PARIS -- Her serve a mess, her groundstrokes unhinged, Jennifer Capriati did what she's done as well as any tennis player the past 1 1/2 years -- find a way to win.
The defending champion overcame 16 break points and 39 unforced errors to beat even more error-prone Amy Frazier 6-4, 6-3 Thursday and reach the French Open's third round.
If Capriati didn't look particularly impressive, No. 4-seeded Andre Agassi didn't have to. What shaped up as a test against a clay-court specialist never materialized because David Sanchez quit after three sets with a foot blister.
On a day when No. 6 Tim Henman lost, and No. 2 Marat Safin and No. 11 Juan Carlos Ferrero were taken to five sets, the best theater involved two Americans with opposite career arcs.
James Blake -- whose ranking has gone from 212nd to 24th since December 2000 -- lost a rollicking match against No. 10 Sebastien Grosjean, at the same time that Vince Spadea -- best known for a 21-match losing streak that dropped him from the top 20 to No. 229 -- was winning a second straight five-setter.
Blake's 6-4, 3-6, 6-2, 7-5 defeat had everything, including, unfortunately, a halt in play during the third set while an usher administered CPR to a spectator.
The crowd jeered when line calls went against Grosjean, tried to boost him with yells of ''Allez, Seb!'' and even did the wave -- twice. The fans also were appreciative of Blake's go-for-broke style, gasping in unison when he tried to rip a rally-ender early in a sequence, something few players attempt on clay.
Of course, that's also part of why he lost to Grosjean, an Australian Open and French Open semifinalist in 2001.
''Growing up with the whole 'instant gratification' thing, I went for winners too much,'' acknowledged Blake, the 1999 NCAA runner-up while playing for Harvard. ''Instead of grinding out a point, I just tried to take that first opportunity.''
The 22-year-old seemed overwhelmed by the setting just once: When he walked to the wrong end of the court to start the fourth set.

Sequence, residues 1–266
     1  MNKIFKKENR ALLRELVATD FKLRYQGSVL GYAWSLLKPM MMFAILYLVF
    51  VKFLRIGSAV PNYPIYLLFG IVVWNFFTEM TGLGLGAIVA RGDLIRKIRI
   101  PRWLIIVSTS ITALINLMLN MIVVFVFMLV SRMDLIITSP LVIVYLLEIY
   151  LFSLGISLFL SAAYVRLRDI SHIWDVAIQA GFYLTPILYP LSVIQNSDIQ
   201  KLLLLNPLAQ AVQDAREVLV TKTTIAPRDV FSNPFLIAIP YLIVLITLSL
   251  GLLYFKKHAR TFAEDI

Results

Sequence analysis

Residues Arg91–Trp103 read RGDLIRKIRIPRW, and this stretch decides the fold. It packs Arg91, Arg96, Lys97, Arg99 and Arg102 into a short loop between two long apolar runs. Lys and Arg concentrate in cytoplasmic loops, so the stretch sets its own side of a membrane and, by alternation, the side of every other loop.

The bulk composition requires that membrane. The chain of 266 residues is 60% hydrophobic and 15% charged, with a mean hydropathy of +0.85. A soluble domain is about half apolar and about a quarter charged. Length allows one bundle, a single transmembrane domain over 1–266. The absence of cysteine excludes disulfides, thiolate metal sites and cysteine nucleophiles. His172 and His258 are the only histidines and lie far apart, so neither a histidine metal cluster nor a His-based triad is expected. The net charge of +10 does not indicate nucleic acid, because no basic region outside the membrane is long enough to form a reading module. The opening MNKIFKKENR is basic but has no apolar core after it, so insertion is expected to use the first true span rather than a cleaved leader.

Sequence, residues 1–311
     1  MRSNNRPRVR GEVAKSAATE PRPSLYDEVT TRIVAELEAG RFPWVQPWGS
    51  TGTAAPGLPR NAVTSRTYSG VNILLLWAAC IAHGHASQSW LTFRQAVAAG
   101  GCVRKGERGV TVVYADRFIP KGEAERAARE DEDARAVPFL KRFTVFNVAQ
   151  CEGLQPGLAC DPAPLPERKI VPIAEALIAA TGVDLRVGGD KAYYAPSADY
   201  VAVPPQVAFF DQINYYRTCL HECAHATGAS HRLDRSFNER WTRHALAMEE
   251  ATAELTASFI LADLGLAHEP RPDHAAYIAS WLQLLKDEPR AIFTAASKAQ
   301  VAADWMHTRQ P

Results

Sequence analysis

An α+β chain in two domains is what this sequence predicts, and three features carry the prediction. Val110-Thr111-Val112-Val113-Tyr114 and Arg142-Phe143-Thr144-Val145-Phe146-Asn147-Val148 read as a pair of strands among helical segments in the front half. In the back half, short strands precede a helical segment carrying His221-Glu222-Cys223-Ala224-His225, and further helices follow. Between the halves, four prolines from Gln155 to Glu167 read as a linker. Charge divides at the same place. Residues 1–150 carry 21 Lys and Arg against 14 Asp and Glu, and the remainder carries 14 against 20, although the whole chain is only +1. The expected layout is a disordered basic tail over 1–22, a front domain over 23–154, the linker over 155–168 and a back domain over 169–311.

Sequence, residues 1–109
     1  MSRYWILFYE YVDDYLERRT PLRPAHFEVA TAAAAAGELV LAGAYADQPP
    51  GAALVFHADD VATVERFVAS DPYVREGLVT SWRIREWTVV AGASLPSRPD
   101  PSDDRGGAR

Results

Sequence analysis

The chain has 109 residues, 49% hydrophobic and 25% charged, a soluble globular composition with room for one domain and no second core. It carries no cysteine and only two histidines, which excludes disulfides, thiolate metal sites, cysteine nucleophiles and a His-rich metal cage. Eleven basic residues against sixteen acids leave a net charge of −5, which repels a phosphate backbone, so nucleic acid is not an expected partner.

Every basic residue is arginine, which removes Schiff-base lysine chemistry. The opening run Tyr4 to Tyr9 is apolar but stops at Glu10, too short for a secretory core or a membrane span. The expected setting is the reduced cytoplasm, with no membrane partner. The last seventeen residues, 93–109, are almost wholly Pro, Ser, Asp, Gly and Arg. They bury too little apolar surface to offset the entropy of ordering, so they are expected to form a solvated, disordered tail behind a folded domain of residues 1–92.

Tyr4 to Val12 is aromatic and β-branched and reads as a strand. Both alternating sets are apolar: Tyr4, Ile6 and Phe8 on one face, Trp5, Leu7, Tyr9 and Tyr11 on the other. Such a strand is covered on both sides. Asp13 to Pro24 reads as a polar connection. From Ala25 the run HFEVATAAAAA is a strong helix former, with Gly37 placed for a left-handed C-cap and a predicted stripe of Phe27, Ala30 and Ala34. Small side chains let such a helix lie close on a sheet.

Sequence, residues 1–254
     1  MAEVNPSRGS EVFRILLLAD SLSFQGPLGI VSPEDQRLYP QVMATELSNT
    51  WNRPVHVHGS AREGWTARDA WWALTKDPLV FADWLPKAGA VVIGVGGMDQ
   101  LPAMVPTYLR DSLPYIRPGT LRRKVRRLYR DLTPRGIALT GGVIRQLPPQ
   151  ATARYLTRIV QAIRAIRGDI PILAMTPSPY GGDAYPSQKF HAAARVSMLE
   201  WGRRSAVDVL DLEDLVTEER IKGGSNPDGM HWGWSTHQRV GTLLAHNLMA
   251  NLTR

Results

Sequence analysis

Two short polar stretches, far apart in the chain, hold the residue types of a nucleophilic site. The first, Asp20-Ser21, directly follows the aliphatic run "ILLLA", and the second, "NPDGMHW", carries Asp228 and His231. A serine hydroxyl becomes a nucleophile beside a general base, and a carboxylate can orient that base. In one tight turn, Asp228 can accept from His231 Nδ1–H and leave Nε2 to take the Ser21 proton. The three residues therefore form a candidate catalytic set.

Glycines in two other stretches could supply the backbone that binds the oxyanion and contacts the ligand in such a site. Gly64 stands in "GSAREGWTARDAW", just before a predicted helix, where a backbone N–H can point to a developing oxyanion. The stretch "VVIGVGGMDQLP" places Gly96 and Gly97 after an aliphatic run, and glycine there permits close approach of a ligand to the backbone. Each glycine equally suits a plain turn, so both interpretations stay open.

This was his first French Open as a player, but Blake was here a decade ago, accompanying his mother and brother when they won a mixed doubles tournament and were awarded a trip to Roland Garros.
''I remember looking out, seeing how incredible the talent was on court,'' said Blake, who frequently slapped a hand against his racket to applaud impressive shots by Grosjean. ''Today I was thinking, 'Maybe there's some kid up there thinking the same thing.'''
For a lesson in perseverance, look no farther than Spadea, who dropped off the tour and resorted to minor league events two years ago.
''I was in Las Vegas playing a Challenger tournament in October 2000, and I looked at my ranking and I was 240th in the world,'' Spadea said, ''and I said, 'Whoa!'
''That was rock-bottom. I knew I was capable of playing better tennis.''
Against Adrian Voinea, Spadea worked and worked until he'd won 6-4, 4-6, 2-6, 7-6 (4), 8-6.
The top-seeded Capriati starred in her very own comedy of errors.
After she held serve in the match's opening game, the players combined for 11 consecutive service breaks. Overall, there were 14 breaks, 14 double faults, and who knows how many lets.
''Not everything is going to go perfect and your way, so I think you have to improvise a lot on the court,'' said Capriati, who's won three of the past five majors. ''You just have to mentally block things out and concentrate on what your doing.''
Henman, three times a Wimbledon semifinalist but never past the third round here, was eliminated by Xavier Malisse 6-2, 3-6, 7-6 (4), 6-3. Other seeded losers: No. 19 Thomas Enqvist, No. 23 Fabrice Santoro, and No. 24 Rainer Schuettler, whose opponent, Guillermo Coria, celebrated by ripping his shirt off before shaking hands.
Safin, who pulled out of the World Team Championship last week with a pinched nerve in his back, out-aced Olivier Rochus -- at 5-foot-5, 11 inches shorter than the 2000 U.S. Open champion -- 15-0 and rallied for a 4-6, 6-2, 3-6, 6-3, 6-3 victory, capping the match by diving to his left for the winning volley. He left the court with gray shirt, blue shorts and right arm lacquered with clay.
Two-time semifinalist Ferrero got past Nicolas Coutelot 6-2, 5-7, 1-6, 6-2, 6-0 despite twisting his ankle while practicing Wednesday.
No. 16 Barbara Schett, who upset Venus Williams in the first round last year, was eliminated by Chanda Rubin; 2000 champion Mary Pierce overpowered No. 32 Cristina Torrens Valero; and No. 7 Jelena Dokic beat Conchita Martinez.
Serena Williams, meanwhile, breezed into the third round by dispatching Dally Randriantefy 6-2, 6-3. Williams again wore a green-and-yellow outfit with knee-high socks but said: ''I've been thinking about retiring the dress until the final.''
How's that for confidence?
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